One of the hardest struggles with chronic pain is being surrounded by people who have no idea what chronic pain means and what you are actually feeling. It is the loneliest feeling in the world. I cannot even count the number of times I used to say: “I’m fine” to people when I honestly felt like I was dying inside. I’m fine was such an easier response then: “I am in so much pain and no doctor or surgery or medication can help me. I am alive but no longer living and I think about dying every second of every day.” Saying “I’m fine” was a much quicker response with a lot less questions.

People no longer ask me if I am okay regarding chronic pain and I am very thankful for that. After I learned to manage chronic pain naturally and was learning to not focus on pain I had to come up with a way to tell my loved ones and friends to not ask me how I was doing. That was one of my biggest fears leaving the Mayo Clinic. I was afraid that everyone would think that I was somehow magically “cured” of chronic pain and could do anything and everything everyone else did. This was the furthest thing from the truth and I was actually about to do the hardest thing in my life: enter the world with chronic pain and manage it naturally. At the Mayo Clinic I was surrounded by others who had chronic pain and understood my struggles and life. Returning home I knew I would be on my own in my new natural journey with chronic pain. I ended up writing an email or letter to my closest friends and family explaining that I still had chronic pain but was learning how to manage it naturally and was working on not thinking about the pain and therefor did not want to talk about pain. I learned to say: “I am having a difficult day” when was really struggling with pain so as not to have to use the word pain. My loved ones still did not understand but how could they? I can empathize with people dealing with cancer but cannot possibly understand what they are going through. This drove me insane for such a long time but as I grew stronger and stronger it no longer bothered me. Once in a blue moon it does bother me when my loved ones complain of a headache because I want to scream: “I had brain surgery! I have a headache every second of every day and it never does away! Deal with it!” However, I have to shut my mouth. I am great with helping people as long as it does not have to do with pain in their heads or faces.

If you have a loved one who has chronic pain please know that when they say: “I’m fine” it does not always mean that he or she is fine. Being a caregiver or loving someone who has chronic pain can be extremely difficult. I do not have all the answers on how to help your loved one with chronic pain. The best thing you can do is love them and just let them know you are there if they need help. The best words you can say to someone with chronic pain is :” I believe you. I cannot imagine what it feels like to be in pain all the time but I am here for you.”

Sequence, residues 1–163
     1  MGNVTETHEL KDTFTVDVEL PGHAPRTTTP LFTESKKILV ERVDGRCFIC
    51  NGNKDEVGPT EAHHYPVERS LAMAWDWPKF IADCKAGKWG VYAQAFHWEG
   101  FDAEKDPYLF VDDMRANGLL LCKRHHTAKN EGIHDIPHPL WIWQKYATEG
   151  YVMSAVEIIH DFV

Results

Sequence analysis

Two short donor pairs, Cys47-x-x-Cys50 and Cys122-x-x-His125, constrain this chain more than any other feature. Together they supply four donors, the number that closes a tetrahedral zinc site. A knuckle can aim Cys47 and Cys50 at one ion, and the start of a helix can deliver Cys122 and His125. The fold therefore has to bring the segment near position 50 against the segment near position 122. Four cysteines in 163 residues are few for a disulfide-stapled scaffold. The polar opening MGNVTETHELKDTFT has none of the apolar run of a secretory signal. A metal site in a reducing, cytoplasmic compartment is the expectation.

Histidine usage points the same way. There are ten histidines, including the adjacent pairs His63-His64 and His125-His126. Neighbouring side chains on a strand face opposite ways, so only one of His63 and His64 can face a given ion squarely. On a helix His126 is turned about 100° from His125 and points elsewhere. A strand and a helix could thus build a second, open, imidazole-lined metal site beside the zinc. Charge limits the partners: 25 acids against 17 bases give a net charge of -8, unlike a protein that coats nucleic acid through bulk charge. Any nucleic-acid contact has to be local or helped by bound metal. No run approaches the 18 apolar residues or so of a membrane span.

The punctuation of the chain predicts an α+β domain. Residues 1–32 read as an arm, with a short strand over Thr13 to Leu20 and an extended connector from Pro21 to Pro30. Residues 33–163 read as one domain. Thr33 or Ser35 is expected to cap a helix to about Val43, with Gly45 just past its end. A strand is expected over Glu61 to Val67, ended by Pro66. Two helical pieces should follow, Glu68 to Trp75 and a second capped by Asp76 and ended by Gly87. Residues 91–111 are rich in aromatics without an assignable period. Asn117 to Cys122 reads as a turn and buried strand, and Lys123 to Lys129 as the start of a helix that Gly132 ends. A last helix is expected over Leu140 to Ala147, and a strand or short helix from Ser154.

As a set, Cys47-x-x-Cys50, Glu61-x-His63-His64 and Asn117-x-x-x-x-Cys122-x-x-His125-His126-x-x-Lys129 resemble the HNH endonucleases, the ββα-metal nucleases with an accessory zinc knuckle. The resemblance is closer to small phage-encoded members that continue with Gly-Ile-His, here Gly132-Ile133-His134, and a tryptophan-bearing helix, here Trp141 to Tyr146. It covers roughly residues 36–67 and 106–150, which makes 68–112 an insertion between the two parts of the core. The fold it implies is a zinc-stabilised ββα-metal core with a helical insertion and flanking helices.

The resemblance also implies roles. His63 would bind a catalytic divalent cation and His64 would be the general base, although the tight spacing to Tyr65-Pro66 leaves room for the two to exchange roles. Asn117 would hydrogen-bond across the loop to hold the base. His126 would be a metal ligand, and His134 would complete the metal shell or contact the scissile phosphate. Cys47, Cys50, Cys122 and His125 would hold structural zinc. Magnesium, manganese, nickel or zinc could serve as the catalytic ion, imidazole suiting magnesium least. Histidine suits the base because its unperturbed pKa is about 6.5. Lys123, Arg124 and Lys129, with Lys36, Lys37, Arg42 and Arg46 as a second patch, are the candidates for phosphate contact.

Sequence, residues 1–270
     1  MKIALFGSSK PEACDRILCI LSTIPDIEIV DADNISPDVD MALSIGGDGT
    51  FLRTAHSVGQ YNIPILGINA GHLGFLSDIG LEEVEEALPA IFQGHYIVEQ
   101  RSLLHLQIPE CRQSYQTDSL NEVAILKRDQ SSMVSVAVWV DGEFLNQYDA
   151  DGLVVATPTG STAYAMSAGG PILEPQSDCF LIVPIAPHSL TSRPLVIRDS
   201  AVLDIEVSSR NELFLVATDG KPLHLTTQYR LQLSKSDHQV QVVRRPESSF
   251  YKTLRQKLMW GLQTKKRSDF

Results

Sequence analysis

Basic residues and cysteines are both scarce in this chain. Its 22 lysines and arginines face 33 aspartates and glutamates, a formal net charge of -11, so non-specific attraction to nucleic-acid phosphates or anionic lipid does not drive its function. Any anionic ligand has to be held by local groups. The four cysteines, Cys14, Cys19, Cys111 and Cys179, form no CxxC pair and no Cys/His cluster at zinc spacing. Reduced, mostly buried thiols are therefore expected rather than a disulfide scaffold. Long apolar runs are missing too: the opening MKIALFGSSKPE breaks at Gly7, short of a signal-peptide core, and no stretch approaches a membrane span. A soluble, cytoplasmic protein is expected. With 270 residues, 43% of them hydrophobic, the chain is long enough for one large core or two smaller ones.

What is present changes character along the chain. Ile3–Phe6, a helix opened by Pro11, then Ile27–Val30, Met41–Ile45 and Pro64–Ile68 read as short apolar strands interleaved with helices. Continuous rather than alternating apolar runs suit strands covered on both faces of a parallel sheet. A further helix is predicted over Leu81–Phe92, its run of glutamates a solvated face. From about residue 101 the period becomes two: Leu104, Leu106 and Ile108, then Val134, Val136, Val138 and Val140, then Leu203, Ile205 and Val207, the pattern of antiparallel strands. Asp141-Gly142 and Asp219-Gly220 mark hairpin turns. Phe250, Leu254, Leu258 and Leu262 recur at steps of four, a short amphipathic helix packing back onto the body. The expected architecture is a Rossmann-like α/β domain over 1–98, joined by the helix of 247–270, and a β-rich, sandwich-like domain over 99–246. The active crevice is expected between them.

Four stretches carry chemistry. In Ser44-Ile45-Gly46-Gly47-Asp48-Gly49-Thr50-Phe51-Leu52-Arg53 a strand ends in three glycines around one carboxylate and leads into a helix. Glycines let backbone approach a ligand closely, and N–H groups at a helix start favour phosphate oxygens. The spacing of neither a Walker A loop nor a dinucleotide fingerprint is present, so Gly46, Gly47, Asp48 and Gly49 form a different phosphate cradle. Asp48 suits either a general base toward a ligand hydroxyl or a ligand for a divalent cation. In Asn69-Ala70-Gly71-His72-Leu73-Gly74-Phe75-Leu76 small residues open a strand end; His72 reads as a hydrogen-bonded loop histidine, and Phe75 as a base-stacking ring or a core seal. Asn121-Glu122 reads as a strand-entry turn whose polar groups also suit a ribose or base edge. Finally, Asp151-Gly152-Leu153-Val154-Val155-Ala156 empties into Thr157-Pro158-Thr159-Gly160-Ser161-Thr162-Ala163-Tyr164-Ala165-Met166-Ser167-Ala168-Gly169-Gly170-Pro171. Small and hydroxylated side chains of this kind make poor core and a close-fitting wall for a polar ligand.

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“I’m fine” Spoken like a true Spoonie

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3 thoughts on ““I’m fine” Spoken like a true Spoonie

  1. The subject of empathy comes up a lot around here. My husband gets a migraine once every few months. I have chronic migraines and cluster headaches. I get frustrated at being the reason we have to cancel things so often, the once a year when we have to cancel something because he doesn’t feel good he throws a fit that it’s “all his fault”. That reminds me of a post I did a while back regarding a study that showed that those of us with Fibro are less empathetic (which I think is probably true – anything short of cancer and I’m going to have a hard time feeling sorry for you). http://fibrokitty.blogspot.com/2013/02/why-fibromyalgia-suffers-may-be-less.html

    And then there’s “I’m fine”. Part of me wants to be honest, the other part just doesn’t want to focus on it. Someone asks how I’m doing and it’s a struggle to know how to respond… which thing are they referring to? So many factors.

  2. vomsters says:

    Now that I think back, there WAS a period of time when I was much younger when a “How are you?” would get a full and frank description of what was hurting and how much, until someone explained that people really don’t expect you to actually tell them the truth in answer to that question. So I started saying “Fine” or “Pretty good” etc.

    Then I decided that was just lying anyway and I switched to “Not too bad today.” or “Surviving.” or “You really don’t want to know.” I decided that if people are going to ask me a question they don’t really care about the answer to instead of saying “Hello.” I wasn’t going to lie for their benefit, I’d give them the answer they deserve – so sometimes people get the “Fine” just not as often as before.

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